On The Road: a Journey Through the Evolving Us Landscapes

Published: 2021-09-15 20:30:08
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Having been amongst the first and most profound post-war, counterculture novels written, On the Road by Jack Kerouac, provides an interesting insight into the changing landscapes in the United States, and the extent to which America was undergoing a new paradigm. Kerouac’s novel outlines the anti-establishment lifestyle through the lense of the two primary characters, Dean and Sal, who are seen traveling around the country on their various escapades. However, the novel takes careful measure to display the extent to which America was becoming a capitalist and corporate nation, as reaping the benefits of such a massive war jump started the economy. The marginalization and racially-divided society that existed is a major theme throughout the novel, however, not in the traditional manner. In doing so, Kerouac tends to adopt a romantic appeal to the low-income and oppressed communities, without grasping the understanding of the privileged position he is in. In analyzing the extent to which Kerouac depicts a romanticized view of underprivileged and oppressed communities, it is apparent that he provides insight into the inherent issues of white privilege, subconscious suppression, and cultural appropriation that continues to plague American society in the modern day.
Perhaps the foremost notion of white privilege that may not be inordinately explicit is the fact that Kerouac’s characters are enabled to do what they want, when they want. Not to say that they are not confined by the same social structures that others in society are as well, but rather, to provide the notion that their ability to uptake other ventures or ideas is more open to them, than it is for the racial minorities they are constantly in contact with. One specific instance of this can be seen in the cotton-picking times that Sal went through, when he realized that his money was running low and needed to undertake work in order to survive, although only temporarily. Sal’s privilege reigns evident in the perception he holds towards cotton-picking, the people that worked around him, as well as his understanding of hard labor as a whole. This idea is summed up in Sal’s statement while working, in that, “there was an old negro couple in the field with us. They picked cotton with the same God-blessed patience their grandfathers had practiced in ante-bellum Alabama; they moved right along their rows, bent and blue, and their bags increased. My back began to ache. But it was beautiful kneeling and hiding in that earth.” (Kerouac, ) This romanticization of cotton-picking provides the racial prejudice and white privilege that was, and continues to be, overlooked. Given their ideals of living a subculture and anti-society lifestyle, Kerouac’s main characters see cotton-picking as beautiful and rich given the historical significance, and the fact that it is off-beat from mainstream society. However, this is only an indication into their apparent privileges as white individuals in America, in that they do not understand the inherent racial divide that has suppressed minorities into this position, and the reality that it is not such a dream that Sal and Dean seem to perceive. Rather, the circumstances of the black citizens in America at the time was not of their own accord, as Kerouac attempts to portray, but out of sheer necessity and survival. This is another aspect of the privilege that is shown in the novel, in that the white characters remain unaware of the fact that cotton-picking is a life or death situation for the minorities, whereas it is merely a game for Sal. The entire time Sal is working, he attempts to make comments of extremity, claiming that he will starve to death if he is not able to provide himself a means of subsistence. Despite the fact that this is an outright fabrication, Sal constructs a false narrative in his mind in order to romanticize the work he does, and pursues it only to the point where he is no longer having fun in his own imagination. This is apparent upon the scenes where Sal is actually working, as he is conducting it in a manner of amusement and identity exploration as opposed to realizing that those around him do not have the same luxury. His nonchalant mentality to the work, constantly taking breaks, and thinking of it as a means of expression is a clear example of his privileged position, and his perception of the black workers as enjoying their labor is misunderstood in that he is putting himself in their position. In reality, Sal is never in any real danger of starvation or impoverishment, in that his privilege affords him the luxury of making a few phone calls, and getting money from his family upon request. Thus, this ties in significantly to the overall idea of white privilege in society at the time, as well as in the modern day. In the same way that the laborers shown in Kerouac’s novel were essentially forced into these menial positions, those who struggle similarly in the modern day are victims of the continued oppression that existed previously. In doing so, while minorities suffer to find employment, pay their bills, be approved for housing, and other institutional necessities, white citizens are not often faced with the same hardships that minorities are. Given the same extent of effort, jobs, housing, social welfare, and other such social constructs are generally more likely to approve white applicants, thus providing this safety net subconsciously. Kerouac’s characters, constantly in search of the beat culture ideal that was fueled by this sense of anti-establishment, never truly grasp an understanding of the inherent difficulties and hardships brought on by racial oppression. In further understanding this romanticized view of marginalization and privilege, it is crucial to examine the extent to which Sal and Dean disregard economic and social realities, as it is overshadowed by their misunderstanding of impoverished reality. Again, coupled with the fact that they are never truly struggling to survive, they are able to visit a variety of underprivileged areas in search of the counterculture identity they so desired. Yet, in doing so, they attempt to internalize the cultures and identities of marginalized individuals, romanticizing it as the exact type of living they are looking for. However, not being able to experience this in its depth provides insight into the recurring white privilege not only in Kerouac’s novel, but in American society. Kerouac’s misunderstanding of racial divide is so significant that he believes working amongst a minority group gives him the justification to take on their identity. In doing so, “the greatest extent of Kerouac’s racial confusion and inappropriate identification as a Mexican laborer was when he made the mistake of specifically referring to himself as Mexican. Kerouac specifically writes, “they thought I was a Mexican, of course; and I am’ (Kerouac, Scroll 198). He incorrectly assumes that by mimicking the lifestyle and customs of the Mexican community he has installed himself in, he can claim a Mexican identity.” (Collopy, BohemianLives) This false implementation into the Mexican culture is not only incorrect, but it portrays the extent of privilege that Kerouac and like-minded individuals held. Rather than relating with the culture on a deeper level, they were unable to see society in the lens of the minorities, but only through the eyes of their own privilege.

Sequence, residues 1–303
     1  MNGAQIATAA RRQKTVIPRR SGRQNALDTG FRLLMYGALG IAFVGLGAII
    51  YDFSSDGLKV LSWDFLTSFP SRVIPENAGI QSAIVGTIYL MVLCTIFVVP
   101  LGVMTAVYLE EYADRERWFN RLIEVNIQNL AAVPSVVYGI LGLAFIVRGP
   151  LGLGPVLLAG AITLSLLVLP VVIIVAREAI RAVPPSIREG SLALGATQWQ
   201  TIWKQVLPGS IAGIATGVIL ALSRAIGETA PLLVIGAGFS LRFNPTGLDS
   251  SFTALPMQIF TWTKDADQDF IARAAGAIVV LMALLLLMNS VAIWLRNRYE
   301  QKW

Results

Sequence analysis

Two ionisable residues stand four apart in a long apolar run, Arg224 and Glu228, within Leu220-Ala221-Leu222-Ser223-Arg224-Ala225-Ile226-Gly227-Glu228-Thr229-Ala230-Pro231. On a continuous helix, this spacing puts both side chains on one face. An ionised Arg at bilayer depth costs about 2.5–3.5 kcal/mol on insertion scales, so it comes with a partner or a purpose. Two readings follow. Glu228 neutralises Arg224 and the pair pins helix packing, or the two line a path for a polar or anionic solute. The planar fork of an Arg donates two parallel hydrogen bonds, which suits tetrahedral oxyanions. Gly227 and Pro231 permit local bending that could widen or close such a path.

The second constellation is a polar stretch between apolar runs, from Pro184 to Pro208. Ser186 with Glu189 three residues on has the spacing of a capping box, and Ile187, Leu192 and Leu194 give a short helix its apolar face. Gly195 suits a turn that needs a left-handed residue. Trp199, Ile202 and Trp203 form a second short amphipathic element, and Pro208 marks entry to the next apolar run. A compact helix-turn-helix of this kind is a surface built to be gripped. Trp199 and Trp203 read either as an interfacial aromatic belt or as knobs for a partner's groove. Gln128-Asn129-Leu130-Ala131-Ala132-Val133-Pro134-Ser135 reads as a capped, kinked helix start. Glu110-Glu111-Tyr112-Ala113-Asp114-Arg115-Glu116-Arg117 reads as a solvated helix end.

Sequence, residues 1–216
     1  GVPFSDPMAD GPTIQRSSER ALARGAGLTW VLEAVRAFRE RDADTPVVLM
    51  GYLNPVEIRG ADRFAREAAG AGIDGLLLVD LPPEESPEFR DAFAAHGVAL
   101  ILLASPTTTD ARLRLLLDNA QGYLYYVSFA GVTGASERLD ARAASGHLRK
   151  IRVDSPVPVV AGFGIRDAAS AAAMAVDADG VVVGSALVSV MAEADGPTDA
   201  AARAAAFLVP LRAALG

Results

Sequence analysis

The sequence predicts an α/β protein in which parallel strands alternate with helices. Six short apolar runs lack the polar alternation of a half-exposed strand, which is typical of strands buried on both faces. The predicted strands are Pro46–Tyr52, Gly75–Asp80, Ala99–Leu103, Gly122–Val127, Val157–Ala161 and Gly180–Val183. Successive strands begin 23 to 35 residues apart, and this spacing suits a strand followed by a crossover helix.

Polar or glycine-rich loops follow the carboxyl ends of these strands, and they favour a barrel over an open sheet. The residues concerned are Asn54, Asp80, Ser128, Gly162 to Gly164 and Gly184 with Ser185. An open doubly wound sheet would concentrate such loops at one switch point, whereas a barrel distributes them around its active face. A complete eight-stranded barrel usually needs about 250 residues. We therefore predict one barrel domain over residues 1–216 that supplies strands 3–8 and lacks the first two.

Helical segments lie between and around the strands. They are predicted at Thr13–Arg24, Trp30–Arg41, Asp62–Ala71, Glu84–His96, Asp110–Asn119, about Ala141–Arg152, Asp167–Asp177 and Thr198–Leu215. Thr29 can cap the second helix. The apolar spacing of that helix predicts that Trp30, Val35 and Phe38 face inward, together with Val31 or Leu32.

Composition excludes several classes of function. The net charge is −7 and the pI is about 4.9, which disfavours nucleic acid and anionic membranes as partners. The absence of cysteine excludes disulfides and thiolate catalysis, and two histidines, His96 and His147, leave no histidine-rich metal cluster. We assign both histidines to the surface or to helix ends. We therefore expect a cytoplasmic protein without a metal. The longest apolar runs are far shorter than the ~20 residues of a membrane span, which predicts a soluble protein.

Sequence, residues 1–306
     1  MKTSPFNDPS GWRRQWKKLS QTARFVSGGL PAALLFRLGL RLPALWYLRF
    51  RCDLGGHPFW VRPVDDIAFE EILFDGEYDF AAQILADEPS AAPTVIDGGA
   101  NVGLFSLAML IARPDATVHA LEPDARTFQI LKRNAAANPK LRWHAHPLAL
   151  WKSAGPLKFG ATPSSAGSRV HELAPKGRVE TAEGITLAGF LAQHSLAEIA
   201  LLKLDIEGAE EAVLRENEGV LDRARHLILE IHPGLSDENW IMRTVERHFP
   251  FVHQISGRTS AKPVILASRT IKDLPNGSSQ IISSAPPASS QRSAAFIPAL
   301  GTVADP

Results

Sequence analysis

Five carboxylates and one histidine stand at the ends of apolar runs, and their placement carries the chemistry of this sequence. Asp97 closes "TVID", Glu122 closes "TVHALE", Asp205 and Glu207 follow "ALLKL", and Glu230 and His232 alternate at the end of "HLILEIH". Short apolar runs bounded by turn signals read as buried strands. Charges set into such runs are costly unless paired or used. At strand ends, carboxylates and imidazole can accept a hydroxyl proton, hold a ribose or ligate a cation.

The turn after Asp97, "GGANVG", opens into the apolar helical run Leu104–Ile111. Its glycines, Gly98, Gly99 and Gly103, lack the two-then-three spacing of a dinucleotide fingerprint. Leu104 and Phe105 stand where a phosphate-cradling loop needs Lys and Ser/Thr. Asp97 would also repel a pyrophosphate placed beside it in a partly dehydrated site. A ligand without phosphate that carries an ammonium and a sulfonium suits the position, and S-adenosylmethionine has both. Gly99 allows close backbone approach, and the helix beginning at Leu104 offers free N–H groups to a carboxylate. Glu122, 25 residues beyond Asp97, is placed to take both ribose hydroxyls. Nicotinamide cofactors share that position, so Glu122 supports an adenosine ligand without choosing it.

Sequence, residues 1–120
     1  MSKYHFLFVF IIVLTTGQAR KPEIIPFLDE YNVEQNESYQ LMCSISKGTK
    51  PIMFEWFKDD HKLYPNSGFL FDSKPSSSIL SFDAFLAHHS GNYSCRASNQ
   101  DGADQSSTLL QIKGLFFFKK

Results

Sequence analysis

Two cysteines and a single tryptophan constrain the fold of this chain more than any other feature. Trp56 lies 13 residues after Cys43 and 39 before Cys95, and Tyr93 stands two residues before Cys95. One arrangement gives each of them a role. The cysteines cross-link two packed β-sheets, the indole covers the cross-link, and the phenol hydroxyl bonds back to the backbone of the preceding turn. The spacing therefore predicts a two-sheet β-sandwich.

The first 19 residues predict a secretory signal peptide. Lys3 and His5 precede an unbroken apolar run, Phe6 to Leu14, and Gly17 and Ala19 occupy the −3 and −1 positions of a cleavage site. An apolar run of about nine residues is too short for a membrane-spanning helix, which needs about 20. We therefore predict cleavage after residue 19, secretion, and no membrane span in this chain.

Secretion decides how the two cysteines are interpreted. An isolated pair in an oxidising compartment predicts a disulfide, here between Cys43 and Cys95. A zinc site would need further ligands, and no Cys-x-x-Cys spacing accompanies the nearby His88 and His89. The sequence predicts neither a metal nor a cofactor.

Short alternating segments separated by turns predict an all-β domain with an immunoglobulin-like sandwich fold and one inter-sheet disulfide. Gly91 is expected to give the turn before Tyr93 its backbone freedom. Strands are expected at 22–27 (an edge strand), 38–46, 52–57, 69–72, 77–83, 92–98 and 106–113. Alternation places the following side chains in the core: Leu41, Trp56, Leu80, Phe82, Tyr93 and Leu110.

In analyzing this adoption of another culture or identity for means of personal growth is seen in the concept of cultural appropriation. Specifically, cultural appropriation refers to the, “taking intellectual property, traditional knowledge, cultural expressions, or artifacts from someone else’s culture without permission. This can include unauthorized use of another culture’s dance, dress, music, language, folklore, cuisine…It’s most likely to be harmful when the source community is a minority group that has been oppressed and exploited in other ways or when the object of appropriation is particularly sensitive.” (AboutNews) In recent decades, this concept has become a major issue in regards to marginalization of racial groups, as the stripping of cultural identity and accrediting it to white ideals not only gives false praise, but ensures that the group being exploited remains subjugated. Kerouac’s novel provides a proper example of the privilege which leads to appropriation, as the main characters are constantly seen internalizing and, essentially, demeaning minority hardships. Despite the fact that their privilege is seemingly subconscious to themselves, they desire this life of being casted out by the rest of society, and being able to live your life as a human. However, as Kerouac’s characters believe that this is what life truly is about, they also seem to credit their culture for the ideal living that it has given to minorities. Sal and Dean see Charlie Parker, the African-American jazz artist, as an iconic and near-prophetic epitome of the beat counterculture. This fascination with jazz musicians and ideals, although not depicted in a negative way, provides detrimental connotations and the inherent problem with cultural appropriation. It is true that they idolize the artists, but in a manner which states that, if not for the oppression faced by white majorities, minorities would never be in such a position. In doing so, “He attributes the talent of these bop musicians to the hardships that his position of dominance has forced on them, only to rob them of their culture and take it as his own.” (Collopy, BohemianLives) Rather than realizing the painful places where this music is derived from, and attributing it to the struggles of African-Americans, Kerouac replaces this mentality with that of the dominance of white people, and that such art has been derived by oppression set on by the white population. This cultural appropriation provides insight into many issues that remain today, in that the misunderstanding of oppression, and inability to truly internalize another racial group’s position can never rightfully be done.